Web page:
i.N.i. Cooperative: Old-school business meets new-school style


The first time I put on the Fieldworker pants and Fieldworker Jacket from i.N.i Cooperative, I noticed the fit. The jacket didn’t feel clunky and heavy like many I have tried before. Instead, it is light and soft with tons of mobility and a fitted feel. The Fieldworker is the first piece of outerwear I have worn that feels like streetwear. If I needed waterproof pants for everyday life, I would consider wearing them too.

With this being their first year, i.N.i has a lot of work ahead of them. One of the most difficult goals of any new company is to stand out among the competition — especially in this industry. With snowboarding being such an individualistic pastime, having a story and purpose behind the brand is almost as important as the products themselves — and i.N.i Cooperative is re-defining a purpose-driven business. In their first year of production, the folks at the Oregon-based technical garment company have dedicated themselves to several high standards.

After wearing the Fieldworker pants and Jacket in some of the deepest snow I have ridden all season, I was pleasantly surprised at how well the blend of recycled plastic bottles, hemp and organic cotton performed in the steep and deep. The wooly exterior texture would allow some snow to stick, but it appeared to be a non-issue since the material stayed dry.


With i.N.i’s recycled blend, their products are some of the most eco-friendly on the market, which also maintain the necessary technical aspects for shredding.  i.N.i’s Managing Director Adam Shiffman explains:

“What sets i.N.i apart from the sea of other outerwear companies is our complete focus and dedication to the use of eco-fabrications and finishes across our entire product offering. We are not here to claim that we are 100 percent sustainable, but rather to introduce a new brand that is blending lifestyle and technicality with this environmental initiative.”

Watching the majority of industry companies contribute to waste and pollution didn’t sit well. i.N.i felt they had to take a stand and make a positive difference toward the environment. “Knowing and seeing first-hand the ways in which the textile industry can be harmful to the environment is all it took,” says Shiffman. “As snowboarders, skaters and surfers alike — everyone involved shares this personal connection to the environments that we depend on.”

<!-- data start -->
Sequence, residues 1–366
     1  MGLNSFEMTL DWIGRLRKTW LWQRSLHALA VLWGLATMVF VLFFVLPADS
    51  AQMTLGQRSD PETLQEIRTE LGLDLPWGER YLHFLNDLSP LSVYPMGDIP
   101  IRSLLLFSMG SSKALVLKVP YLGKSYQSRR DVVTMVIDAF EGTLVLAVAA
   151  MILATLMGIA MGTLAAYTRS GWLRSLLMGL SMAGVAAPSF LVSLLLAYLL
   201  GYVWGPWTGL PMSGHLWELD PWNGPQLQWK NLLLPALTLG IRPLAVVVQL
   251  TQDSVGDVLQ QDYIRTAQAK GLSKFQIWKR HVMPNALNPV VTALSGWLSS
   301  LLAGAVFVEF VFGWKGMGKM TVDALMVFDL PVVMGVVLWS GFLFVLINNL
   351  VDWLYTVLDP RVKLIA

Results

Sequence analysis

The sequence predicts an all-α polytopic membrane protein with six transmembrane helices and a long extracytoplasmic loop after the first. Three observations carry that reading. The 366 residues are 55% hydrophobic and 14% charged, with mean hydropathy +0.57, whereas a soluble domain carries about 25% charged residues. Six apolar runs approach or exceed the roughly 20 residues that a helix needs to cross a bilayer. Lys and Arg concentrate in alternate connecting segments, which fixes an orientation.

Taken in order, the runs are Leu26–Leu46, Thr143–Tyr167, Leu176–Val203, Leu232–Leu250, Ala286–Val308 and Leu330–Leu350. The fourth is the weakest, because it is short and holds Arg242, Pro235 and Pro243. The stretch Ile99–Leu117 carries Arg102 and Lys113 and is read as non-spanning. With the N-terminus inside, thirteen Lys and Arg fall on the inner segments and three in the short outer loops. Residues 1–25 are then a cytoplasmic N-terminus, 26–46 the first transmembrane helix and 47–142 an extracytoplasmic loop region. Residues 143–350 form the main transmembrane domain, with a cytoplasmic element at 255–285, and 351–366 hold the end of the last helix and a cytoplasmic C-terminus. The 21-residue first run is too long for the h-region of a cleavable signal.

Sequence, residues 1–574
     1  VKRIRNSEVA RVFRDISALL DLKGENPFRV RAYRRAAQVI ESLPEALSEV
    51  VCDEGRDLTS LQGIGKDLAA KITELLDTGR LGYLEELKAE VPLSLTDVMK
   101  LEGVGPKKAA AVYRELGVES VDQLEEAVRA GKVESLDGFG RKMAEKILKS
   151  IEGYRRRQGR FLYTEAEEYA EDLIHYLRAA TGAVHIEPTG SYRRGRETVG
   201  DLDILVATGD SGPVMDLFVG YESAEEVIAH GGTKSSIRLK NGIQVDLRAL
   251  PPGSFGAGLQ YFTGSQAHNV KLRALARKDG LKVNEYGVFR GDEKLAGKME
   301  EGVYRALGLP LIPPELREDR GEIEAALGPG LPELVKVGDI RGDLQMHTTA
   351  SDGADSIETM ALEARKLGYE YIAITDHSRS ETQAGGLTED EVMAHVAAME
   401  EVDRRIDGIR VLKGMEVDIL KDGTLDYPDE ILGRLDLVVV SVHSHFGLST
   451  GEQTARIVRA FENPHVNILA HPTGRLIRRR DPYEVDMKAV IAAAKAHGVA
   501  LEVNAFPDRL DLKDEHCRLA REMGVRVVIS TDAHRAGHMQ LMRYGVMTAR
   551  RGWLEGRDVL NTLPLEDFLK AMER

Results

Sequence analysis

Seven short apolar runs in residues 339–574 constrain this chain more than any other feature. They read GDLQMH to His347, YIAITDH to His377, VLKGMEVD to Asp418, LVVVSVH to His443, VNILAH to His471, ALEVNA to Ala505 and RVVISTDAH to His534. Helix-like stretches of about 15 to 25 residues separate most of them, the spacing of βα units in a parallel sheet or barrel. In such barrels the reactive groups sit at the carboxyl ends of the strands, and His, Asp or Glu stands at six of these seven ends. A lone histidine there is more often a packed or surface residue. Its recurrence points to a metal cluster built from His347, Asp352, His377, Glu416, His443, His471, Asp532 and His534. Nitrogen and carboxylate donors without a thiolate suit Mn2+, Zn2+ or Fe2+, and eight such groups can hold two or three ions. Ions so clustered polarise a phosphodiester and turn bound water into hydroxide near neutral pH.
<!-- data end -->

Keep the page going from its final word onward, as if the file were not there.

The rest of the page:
As noble as eco-friendlier garments sound, without good designs, the products stay on the shelves. By bringing former Volcom designer, Abran Abeyta as their head of design, i.N.i outerwear is top-tier in form and function. And according to Shiffman, it is only going to get better.


The little details are immediately noticeable with both the Fieldworker pant and jacket. The jacket has multiple well-placed pockets and inner compartments that help manage the arsenal of gadgets and snacks to survive each day, while the exterior look is intelligently stylish. With the name i.N.i coming from the Rasta culture, I would have expected over-the-top yellow, green and red blasted all over. However, i.N.i takes the more subtle approach introducing Rasta colors in stitch patterns, thumbnail logos and the liner. I am a sucker for the little details, and to put it bluntly — i.N.i nailed it. I’ve received more compliments on the Fieldworker jacket and pants than anything I have previously owned.

Apparently being stylish while eco-friendly wasn’t a big enough challenge for i.N.i. The company has taken it one huge step further by refusing to undercut the retail shops that carry their product. Focused on ‘old school business,’ i.N.i forwards all online sales to one of their retailers. Also, their recent ad campaign features the names and logos of each shop that carries i.N.i. “By supporting local retailers we are really hoping to spearhead this movement back towards ‘old school business,’” Shiffman states. “We need to get back to the roots of snowboarding that is unfortunately getting left behind.”

After nearly a month riding in the i.N.i gear, it has been through late night city missions, waist deep pow days and some of the coldest weather northern Utah has to offer. And when it comes down to it, both the pants and jacket have performed to the highest degree.


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